Tuesday, July 26, 2011

The Transcription of a Will

Transcribing a will can be both overwhelming and rewarding.  Overwhelming because at first glance it may look like a bunch of gobbledygook.  Rewarding because when you are done you may have discovered valuable information.

If you are a palaeographer, transcribing a will is probably a walk in the park for you. And it helps if you are savvy with legal lingo.  But, if you are anything like me, you need all the help you can get.

I transcribed my first two wills with a notebook and a pen while sprawled out on the couch.  It can take up to five minutes just to figure out one word, so  I prefer to be comfortable instead of staring at the computer screen.  Of course I had my Blackberry nearby. The Dictionary.com app really came in handy.  If it weren't for this app, I would still be stuck on the word charnell.  And I would be lost without my book Genealogical Research in England and Wales, Vol. III.  I still prefer a good ole page turner.  This book is available through Worldcat and amazon.com.

I found this software called Transcript that I will probably use for the next will that I transcribe.  That will eliminate the step of transcribing from the notebook to the computer.   To work with PDF files you will also have to download Ghostscript.

This software allows you to transcribe without having to switch between your document and your word processor.



*Update -  I have transcribed a few things with this software since the original writing of this post and let me tell you it saves so much time.  If you have not downloaded this software yet, what are you waiting for?


The following links will be very helpful in guiding you through the transcription of any old document.
Here is a sampling of 17th century letters:



I still have four more wills to transcribe.  Wish me luck!
Good luck on your next transcription project and may it be fruitful!



 Leslie Ann

Friday, July 22, 2011

52 Weeks of Personal Genealogy & History - Water


My favorite body of water is Bear Lake.  It has been called the "Caribbean of the Rockies" for it's turquoise-blue colors.  I have seen it three different colors of blue at one time. It's the most beautiful lake I have ever seen!

It's a natural fresh water lake and lies on the border of Idaho and Utah.  I remember several occasions when I pleaded with dad to drive around the lake.  We didn't get to do it very often.  You can bet that when I started driving to Bear Lake myself I drove around it plenty of times.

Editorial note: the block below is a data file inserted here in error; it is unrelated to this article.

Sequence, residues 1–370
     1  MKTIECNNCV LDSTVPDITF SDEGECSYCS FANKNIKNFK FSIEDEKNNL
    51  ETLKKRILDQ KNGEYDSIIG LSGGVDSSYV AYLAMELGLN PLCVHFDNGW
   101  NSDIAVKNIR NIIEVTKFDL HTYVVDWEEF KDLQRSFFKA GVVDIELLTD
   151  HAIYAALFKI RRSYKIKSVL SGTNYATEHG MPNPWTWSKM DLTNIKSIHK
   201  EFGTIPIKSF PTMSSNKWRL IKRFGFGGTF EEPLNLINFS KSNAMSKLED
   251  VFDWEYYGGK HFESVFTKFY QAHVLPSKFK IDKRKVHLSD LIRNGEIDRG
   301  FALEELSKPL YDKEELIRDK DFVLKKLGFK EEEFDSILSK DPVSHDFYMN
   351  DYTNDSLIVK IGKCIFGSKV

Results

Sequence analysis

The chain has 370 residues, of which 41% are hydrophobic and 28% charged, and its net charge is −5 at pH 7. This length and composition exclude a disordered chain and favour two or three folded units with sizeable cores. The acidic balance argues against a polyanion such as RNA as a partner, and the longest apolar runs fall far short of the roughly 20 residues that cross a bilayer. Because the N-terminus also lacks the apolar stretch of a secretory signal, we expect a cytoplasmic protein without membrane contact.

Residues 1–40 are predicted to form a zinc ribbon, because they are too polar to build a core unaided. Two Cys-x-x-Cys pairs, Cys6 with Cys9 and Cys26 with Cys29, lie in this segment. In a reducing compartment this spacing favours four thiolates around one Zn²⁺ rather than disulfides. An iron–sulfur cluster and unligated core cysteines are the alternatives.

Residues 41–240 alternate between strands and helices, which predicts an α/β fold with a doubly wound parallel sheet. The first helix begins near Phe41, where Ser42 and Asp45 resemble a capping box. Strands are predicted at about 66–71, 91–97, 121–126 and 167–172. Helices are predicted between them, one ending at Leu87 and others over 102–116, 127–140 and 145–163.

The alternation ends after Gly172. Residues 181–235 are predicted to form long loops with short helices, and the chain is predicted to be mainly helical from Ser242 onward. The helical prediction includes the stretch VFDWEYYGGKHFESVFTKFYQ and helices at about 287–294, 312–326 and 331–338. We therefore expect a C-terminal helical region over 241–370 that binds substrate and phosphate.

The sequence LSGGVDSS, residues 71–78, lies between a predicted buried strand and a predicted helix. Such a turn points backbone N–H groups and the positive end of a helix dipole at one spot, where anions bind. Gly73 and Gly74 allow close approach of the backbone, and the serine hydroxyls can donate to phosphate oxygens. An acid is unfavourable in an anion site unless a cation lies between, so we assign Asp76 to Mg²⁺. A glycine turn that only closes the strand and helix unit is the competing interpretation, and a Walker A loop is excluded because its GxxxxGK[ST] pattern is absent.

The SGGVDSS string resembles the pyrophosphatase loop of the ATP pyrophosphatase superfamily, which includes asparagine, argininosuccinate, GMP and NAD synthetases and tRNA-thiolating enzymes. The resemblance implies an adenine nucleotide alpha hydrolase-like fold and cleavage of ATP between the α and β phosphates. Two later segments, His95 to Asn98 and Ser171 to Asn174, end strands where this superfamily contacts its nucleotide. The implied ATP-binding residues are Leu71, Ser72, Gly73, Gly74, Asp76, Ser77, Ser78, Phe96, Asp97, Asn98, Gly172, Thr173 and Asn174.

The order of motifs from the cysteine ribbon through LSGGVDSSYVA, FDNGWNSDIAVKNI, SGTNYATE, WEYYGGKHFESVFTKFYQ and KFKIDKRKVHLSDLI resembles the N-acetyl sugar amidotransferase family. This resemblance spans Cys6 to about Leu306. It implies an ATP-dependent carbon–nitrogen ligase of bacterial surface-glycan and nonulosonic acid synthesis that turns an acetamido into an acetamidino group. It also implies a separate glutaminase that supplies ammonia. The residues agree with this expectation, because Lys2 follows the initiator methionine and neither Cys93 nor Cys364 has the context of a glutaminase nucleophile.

We would start on US Hwy 89 driving through St. Charles, Idaho following the highway through Fish Haven, Idaho. Then follow Utah State Hwy 30 through Garden City, Pickleville, Laketown.  Then hang a left off of the Hwy to drive along the east side of the lake.  We then come out at the North Beach in St. Charles, Idaho.  That is the beach we always went to when we were kids.

On the east side is where there are some nice beach houses and condos.  Merlin Olsen had a home on the lake.  On the Idaho side there are campgrounds along the east beach. The marina and resorts are in Garden City.

Have you heard about the legend of the "Bear Lake Monster"? Yes, he has quite a reputation. I never have seen him though.



It was always a treat to go to the lake when we were visiting with the grandparents.  When we were kids some of the Poulsen family reunions were held at Ted and Vilate  Poulsen's summer home on the lake in Fish Haven.  Ted was my first cousin once removed and grandma Smedley's nephew.  Ted's descendants still spend summers there on the lake.  Aunt Cloree lives in a house right across the street.  There is an awesome view of the lake from her front yard.


Brother, me, cousin Kim, sister at Poulsen reunion

View of Bear Lake from aunt Cloree's house



I had some good times with my own kids as well.

In 1996 hubby and I spent our first camping trip together (before he was my hubby) at Bear Lake.  We camped on the east side in Idaho at a little campground.  There's  nothing like sleeping out under the stars!

Have you heard of the little old lady that lived in a shoe?  Well if you keep going past the campground, on your left before you get to North Beach you will see her house.  Really, it's there.  I have a picture.


The house that looks like a shoe.

Our last time at Bear Lake together 2002.


Thanks to Amy Coffin at We Tree for coming up with this series.








Friday, July 8, 2011

Obtaining Documents From the U.K

I did it! I was finally able to purchase online documents from The National Archives!

If you read Genealogy Lessons Learned the Hard Way, you probably noticed my frustration in accomplishing this goal.

And if you're anything like me, you WILL NOT purchase anything online with your bankcard. I usually use the Vanilla Visa Gift for this purpose.  But guess what, it is only valid in the United States.  I didn't know what to do.  I really NEEDED these documents (not like I was jonesin' or anything) to help climb over a brick wall. 

So I went back to the Dollar General and looked through all their gift cards and such.  I was thinking about getting their re-loadable debit card, but their system was down and I couldn't have purchased it anyway.  The clerk was kind enough to tell me that the Travel Centers of America up the street had cards, so off I went.

Jackpot! I found the perfect card. A Visa Gift card offered by nFinanSe, accepted anywhere in the world that takes Visa.

So I purchased a two page Will for William Pickett (the Lord Mayor's father), and an eight page Will for Ralph Prentice.  I also got carried away and purchased a two page Will for a William Pratten who may or may not be the one mentioned in Ralph's Will as being his nephew.

I dare say I have a lot of transcribing to do.



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